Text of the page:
To figure out the total amount of weight your ladder will be supporting, add the weight of the person climbing the ladder, the weight of clothing and protective equipment, and the tools and supplies being carried or stored on the ladder.
OSHA has provided a quick guide to ladder safety that you can download to print and distribute. Click here to access the guide.
From step stools to extension ladders, make sure you’re putting the right foot forward this March during Ladder Safety Month.
March 03, 2017 | Leave a Comment
On March 1, the Missouri Supreme Court upheld the St. Louis City minimum wage increase, which was previously placed on hold in October 2015.
This increase will gradually raise the minimum wage hourly rate for city employees from the state’s minimum wage to $10 in 2017 and $11.00 by 2018. Missouri’s minimum wage is currently $7.70 an hour.
According to St. Louis Major Francis Slay, businesses will be given a “reasonable grace period” to comply with the law. At this time, no specific timeline has been provided regarding when businesses will be required to comply with the new wage.
Posted in Benefits
February 16, 2017 | Leave a Comment
The U.S. Department of Labor’s (DOL) overtime rule is unlikely to come to fruition. The rule—which was scheduled to take effect Dec. 1, 2016—was delayed by federal court injunction on Nov. 22, 2016. In December, the DOL filed for an expedited appeal of the court injunction.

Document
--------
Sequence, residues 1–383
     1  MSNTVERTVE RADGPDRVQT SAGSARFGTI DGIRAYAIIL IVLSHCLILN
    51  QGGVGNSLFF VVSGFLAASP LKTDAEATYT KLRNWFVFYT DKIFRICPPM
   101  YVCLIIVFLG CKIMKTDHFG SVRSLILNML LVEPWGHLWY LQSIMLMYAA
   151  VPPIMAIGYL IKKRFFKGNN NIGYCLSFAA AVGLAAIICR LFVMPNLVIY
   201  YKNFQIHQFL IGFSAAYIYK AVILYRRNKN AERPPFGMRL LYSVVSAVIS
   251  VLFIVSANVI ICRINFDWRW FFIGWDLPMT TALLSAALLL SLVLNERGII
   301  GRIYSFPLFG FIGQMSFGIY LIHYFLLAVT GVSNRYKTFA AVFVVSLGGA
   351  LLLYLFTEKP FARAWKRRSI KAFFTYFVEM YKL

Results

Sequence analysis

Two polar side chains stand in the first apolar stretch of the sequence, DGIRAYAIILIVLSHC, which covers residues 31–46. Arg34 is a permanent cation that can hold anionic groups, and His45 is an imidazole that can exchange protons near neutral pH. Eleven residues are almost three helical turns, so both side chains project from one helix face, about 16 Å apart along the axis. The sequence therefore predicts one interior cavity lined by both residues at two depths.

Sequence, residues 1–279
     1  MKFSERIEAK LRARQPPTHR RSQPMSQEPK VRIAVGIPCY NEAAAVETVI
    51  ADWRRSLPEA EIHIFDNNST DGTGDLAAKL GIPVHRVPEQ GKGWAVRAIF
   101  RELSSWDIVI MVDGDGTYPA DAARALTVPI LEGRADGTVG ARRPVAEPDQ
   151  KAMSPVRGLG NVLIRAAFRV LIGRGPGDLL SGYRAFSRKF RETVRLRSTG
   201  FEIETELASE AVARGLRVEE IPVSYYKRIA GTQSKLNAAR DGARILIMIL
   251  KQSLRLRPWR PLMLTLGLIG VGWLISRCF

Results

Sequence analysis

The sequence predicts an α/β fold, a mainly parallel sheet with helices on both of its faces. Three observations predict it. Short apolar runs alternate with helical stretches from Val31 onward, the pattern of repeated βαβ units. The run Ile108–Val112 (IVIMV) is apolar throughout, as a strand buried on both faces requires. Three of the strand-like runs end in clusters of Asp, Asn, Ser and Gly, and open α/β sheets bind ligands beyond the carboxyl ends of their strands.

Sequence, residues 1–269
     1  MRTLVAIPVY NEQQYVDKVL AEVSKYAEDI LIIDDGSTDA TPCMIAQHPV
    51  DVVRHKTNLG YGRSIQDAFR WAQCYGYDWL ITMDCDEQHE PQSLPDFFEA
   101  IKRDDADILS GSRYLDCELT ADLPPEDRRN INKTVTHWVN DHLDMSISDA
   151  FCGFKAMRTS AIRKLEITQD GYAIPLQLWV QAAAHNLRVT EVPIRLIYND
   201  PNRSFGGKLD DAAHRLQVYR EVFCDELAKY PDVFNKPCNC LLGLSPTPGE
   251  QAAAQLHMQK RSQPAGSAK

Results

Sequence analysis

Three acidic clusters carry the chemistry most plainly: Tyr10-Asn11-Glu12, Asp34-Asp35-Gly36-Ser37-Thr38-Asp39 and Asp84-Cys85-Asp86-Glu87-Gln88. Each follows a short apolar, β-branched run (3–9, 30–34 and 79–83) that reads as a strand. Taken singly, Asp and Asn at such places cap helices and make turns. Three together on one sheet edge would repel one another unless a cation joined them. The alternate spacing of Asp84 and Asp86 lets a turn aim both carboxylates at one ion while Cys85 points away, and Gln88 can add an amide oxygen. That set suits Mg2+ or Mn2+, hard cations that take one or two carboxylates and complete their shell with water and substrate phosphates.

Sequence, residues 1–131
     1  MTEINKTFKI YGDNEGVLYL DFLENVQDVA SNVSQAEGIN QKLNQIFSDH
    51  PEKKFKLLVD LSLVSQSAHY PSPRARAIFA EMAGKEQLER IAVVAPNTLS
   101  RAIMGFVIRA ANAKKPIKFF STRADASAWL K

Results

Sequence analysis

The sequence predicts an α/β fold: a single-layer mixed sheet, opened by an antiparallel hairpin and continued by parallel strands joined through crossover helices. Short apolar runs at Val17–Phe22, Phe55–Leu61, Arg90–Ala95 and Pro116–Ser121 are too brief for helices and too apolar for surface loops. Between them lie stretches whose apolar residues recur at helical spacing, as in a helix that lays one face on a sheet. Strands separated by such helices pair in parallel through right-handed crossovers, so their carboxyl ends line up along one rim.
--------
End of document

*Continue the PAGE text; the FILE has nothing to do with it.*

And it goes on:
However, on Jan. 25, 2017, the DOL, which is now under the direction of President Donald Trump, requested a 30-day extension to file a brief in its appeal. Recent actions by the Trump administration suggest that it is unlikely that the overtime rule will ever become effective, even if the DOL is successful in its appeal.
For now, employers can rely on existing overtime exemption rules. Employers that have already made adjustments to comply with the new rule may find it difficult to reverse any changes.
For employers looking to roll back salary adjustments, carefully consider employee morale and the potential impact that rescinding promised changes will have on your company. The HR department can be a valuable resource for communicating any changes to employees.
February 01, 2017 | Leave a Comment
The I-9 is a federal Employment Eligibility Verification Form established in 1986, used to ensure all employees are legally authorized to work in the United States.
All businesses must have an I-9 for all current employees. However, as with any rule, there are a few exceptions.
Who doesn’t need an I-9?
- Any employee hired on or before Nov. 6, 1986, who is still currently employed
- Employees for casual domestic work in a private home (e.g., babysitters, kid who mows the lawn)
- Independent contractors
- Anyone not working on U.S. soil
- Anyone providing labor who’s actually employed by a contract service (e.g., temp agency or employee leasing)
When to fill out the I-9?